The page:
How To Decolonise Africa’s Toxic Image [Podcast]

How To Decolonise Africa’s Toxic Image [Podcast]

Decolonising Africa’s toxic image is probably the most urgent racial reconciliation issue of our age. It is an issue that violently thrust itself in our faces so unavoidably, thanks to the Black Lives Matter campaign following the tragic death of George Floyd in 2020, that I found myself agreeing wholeheartedly with George Orwell when he said in 1984 that “the most effective way to destroy people is to deny and obliterate their own understanding of their history.”

2. A quick survey of Western contemporary culture reveals toxic perceptions about black people as waxing fat and abounding, confirming that the wholesale destruction of the black African identity is more total than we ever imagined. So complete is the destruction that many Black Africans, including their descendants, both at home and abroad, now actively and enthusiastically participate in it themselves.

3. Which is why I speak with Mr. Ngugi wa Thiogo when he says, “The present predicaments of Africa are often not a matter of personal choice: they arise from a historical situation. Their solutions are not so much a matter of personal decision as that of a fundamental social transformation of the structures of our societies starting with a real break with imperialism and its internal ruling allies. Imperialism and its comprador alliances in Africa can never develop the continent.” How then are we to decolonise Africa’s toxic image?

4. In answer, I can think of no one better qualified to assist us than Mr. Milton Allimadi, a Ugandan-American author, journalist, professor, and publisher of Black Star News. Milton was born in the Pearl of Africa, Uganda, on March 4, 1962, to a distinguished father, the former Prime Minister of Uganda, Mr. Erifasi Otema Allimadi; and his mother, Mrs. Alice Allimadi.

5. Milton Allimadi is an economics graduate of Syracuse University, from whence he joined the Graduate School of Journalism at Columbia University. His first job was as an intern at the Journal of Commerce before working at the Wall Street Journal. He subsequently worked as a freelance journalist for the New York Times, where he wrote some significant articles, including, among others, Inventing Africa, a piece that drew attention to a trend of white reporters fabricating stories about Africa. In 1997, he co-founded a New York-based investigative newspaper, Black Star News. The highlight of his investigative career includes a piece criticising Ugandan peacekeepers, who were at the time seconded to the United Nations, for acting as proxy police force for the United States, and another piece highlighting the relief of black Americans after Donald Trump was defeated in the 2020 United States presidential election.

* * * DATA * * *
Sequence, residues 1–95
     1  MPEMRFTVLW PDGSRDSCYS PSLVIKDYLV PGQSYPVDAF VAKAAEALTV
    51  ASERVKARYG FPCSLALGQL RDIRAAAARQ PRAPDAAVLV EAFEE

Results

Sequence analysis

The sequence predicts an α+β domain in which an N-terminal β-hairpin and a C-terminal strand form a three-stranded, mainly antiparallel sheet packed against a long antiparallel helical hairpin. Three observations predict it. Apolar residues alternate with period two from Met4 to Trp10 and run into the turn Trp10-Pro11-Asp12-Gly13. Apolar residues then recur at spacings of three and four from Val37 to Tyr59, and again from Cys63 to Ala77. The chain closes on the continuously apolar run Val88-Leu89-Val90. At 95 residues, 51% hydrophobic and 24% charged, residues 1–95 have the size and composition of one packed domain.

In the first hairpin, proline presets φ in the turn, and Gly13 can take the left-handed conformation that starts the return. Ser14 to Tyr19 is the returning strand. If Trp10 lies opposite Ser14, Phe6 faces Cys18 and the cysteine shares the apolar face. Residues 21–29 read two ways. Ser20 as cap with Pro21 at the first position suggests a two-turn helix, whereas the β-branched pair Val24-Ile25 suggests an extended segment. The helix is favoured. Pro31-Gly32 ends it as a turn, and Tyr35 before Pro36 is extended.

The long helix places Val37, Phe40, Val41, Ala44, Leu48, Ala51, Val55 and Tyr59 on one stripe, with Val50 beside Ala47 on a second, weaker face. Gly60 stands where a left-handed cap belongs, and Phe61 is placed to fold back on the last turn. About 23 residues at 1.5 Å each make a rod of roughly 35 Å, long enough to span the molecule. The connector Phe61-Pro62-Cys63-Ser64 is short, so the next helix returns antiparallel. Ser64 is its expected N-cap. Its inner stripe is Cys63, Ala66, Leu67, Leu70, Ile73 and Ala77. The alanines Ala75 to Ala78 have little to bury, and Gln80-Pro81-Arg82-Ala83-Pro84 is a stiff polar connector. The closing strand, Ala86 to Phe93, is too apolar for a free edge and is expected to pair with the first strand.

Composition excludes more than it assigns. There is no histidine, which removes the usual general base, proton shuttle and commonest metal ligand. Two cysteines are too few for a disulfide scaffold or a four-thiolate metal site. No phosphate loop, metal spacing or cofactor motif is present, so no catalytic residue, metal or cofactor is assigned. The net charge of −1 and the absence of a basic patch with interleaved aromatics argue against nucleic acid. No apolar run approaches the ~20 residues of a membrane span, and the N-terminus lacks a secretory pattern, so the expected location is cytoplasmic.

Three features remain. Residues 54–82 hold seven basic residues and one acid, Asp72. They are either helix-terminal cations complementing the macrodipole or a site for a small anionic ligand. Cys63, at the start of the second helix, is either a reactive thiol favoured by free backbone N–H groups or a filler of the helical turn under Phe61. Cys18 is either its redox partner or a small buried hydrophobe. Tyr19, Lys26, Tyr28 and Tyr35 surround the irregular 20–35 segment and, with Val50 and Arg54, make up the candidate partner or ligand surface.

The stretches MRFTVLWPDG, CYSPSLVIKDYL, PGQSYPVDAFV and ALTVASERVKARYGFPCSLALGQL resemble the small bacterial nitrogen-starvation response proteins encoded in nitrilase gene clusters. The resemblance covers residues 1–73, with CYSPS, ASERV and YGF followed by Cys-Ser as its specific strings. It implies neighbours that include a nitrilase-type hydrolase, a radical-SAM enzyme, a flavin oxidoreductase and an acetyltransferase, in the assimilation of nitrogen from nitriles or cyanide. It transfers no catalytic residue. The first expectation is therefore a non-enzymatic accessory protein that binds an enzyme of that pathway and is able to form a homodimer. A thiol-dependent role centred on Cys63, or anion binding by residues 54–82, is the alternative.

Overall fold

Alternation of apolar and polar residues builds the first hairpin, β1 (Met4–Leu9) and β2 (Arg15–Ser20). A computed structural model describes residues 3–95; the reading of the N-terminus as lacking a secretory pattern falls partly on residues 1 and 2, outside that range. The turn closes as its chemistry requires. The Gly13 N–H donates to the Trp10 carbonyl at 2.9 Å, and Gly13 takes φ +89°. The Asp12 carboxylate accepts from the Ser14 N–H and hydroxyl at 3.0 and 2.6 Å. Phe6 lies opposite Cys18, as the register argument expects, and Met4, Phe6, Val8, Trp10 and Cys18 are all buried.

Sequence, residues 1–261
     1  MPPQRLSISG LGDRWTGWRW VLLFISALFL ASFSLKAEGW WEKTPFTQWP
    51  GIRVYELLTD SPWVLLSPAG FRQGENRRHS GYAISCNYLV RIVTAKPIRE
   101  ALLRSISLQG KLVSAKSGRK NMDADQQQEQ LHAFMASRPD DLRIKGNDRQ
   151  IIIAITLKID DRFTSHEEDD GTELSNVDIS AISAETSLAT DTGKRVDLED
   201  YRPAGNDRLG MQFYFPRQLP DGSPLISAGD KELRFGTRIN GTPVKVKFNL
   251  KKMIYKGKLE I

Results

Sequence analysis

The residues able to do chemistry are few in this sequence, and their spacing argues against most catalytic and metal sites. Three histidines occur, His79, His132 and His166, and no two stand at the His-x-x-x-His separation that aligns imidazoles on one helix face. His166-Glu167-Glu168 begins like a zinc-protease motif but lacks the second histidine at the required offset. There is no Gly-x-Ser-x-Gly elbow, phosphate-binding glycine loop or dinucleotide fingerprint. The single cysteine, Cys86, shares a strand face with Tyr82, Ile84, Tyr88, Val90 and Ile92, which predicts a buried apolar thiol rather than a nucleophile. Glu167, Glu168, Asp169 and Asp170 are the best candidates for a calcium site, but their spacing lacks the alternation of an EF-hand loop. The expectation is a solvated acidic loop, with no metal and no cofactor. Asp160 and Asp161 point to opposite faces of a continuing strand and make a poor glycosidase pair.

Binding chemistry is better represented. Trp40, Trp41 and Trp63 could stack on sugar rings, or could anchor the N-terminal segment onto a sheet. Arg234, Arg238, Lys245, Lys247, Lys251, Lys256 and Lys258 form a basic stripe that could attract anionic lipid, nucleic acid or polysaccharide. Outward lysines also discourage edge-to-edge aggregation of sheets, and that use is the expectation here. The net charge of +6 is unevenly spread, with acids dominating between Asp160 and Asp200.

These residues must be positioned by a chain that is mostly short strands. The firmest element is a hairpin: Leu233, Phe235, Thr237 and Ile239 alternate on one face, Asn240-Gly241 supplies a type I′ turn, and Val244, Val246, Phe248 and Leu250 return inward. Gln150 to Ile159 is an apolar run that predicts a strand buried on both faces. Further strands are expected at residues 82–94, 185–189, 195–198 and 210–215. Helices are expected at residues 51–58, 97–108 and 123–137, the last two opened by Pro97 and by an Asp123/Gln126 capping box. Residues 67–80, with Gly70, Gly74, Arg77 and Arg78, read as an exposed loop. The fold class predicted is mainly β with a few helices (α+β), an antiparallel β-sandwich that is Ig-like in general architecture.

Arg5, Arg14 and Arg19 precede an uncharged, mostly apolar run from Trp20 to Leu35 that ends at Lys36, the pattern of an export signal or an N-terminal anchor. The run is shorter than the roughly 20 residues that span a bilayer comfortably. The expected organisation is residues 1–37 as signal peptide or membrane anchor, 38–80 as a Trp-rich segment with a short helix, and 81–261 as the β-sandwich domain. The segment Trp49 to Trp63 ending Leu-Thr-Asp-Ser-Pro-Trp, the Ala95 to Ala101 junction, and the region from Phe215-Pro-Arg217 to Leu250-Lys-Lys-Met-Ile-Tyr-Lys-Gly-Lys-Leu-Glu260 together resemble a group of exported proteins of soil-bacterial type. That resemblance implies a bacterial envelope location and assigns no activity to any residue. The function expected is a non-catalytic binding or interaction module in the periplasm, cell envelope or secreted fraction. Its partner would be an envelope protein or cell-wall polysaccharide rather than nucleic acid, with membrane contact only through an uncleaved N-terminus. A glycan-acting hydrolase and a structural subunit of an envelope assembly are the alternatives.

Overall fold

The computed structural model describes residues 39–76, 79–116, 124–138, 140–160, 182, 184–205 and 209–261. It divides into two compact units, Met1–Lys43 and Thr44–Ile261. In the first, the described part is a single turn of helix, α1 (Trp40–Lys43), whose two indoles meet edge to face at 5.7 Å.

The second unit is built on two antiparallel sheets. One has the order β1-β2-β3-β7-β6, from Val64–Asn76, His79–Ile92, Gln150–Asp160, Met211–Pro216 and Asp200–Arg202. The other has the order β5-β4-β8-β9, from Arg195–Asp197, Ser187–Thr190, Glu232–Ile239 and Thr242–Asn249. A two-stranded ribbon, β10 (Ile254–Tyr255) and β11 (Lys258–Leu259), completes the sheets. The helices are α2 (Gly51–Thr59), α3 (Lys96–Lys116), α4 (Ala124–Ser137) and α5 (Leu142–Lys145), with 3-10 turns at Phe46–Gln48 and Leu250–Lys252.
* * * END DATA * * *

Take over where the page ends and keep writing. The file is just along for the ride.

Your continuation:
6.  Milton is the author of a number of significant books critiquing the racial stereotypes white writers perpetuate when writing about Africa and the African peoples. His greatest work by far, however, is his book, Manufacturing Hate: How Africa Was Demonized in Western Media.

7. In addition to running his newspaper, Black Star News, Milton divides his time between teaching as an adjunct assistant professor at the Graduate School of Journalism at Columbia University and running a podcast, Kumbukeni, whose aim is “Decolonizing Our Minds.”

8. In this episode, we discuss the topic of “How to Decolonise Africa’s Toxic Image.”

9. Look up Episode 011 of Conversations with Stephen Kamugasa, and please rate and subscribe to Conversations with Stephen Kamugasa podcast through your favourite podcast app to listen to the latest insights from our guest thought leaders.

Recommended Reading:

1. Manufacturing Hate: How Africa was Demonized in Western Media, (Kendall Hunt Publishing June 14, 2021). By Milton Allimadi.

2. How Europe Underdeveloped Africa, (Verso, November 27, 2018). By Walter Rodney

3. Neo-colonialism The Last Stage of Imperialism, (International Publishers, January 1, 1966). By Kwame Nkrumah.

4. The African Origin of Civilization, (Lawrence Hill Books, July 1, 1989). By Cheikh Anta Diop.

5. Things Fall Apart, (Penguin Publishing Group, September 1, 1994). By Chinua Achebe.

6. Africa’s Cultural Revolution, (Macmillan Books for Africa, 1973). By Okot p’Bitek

Editor’s Note:

A special thank you to Professor Amii Omara-Otunnu, former UNESCO Chair in Human Rights. His kind contribution has made this podcast possible.

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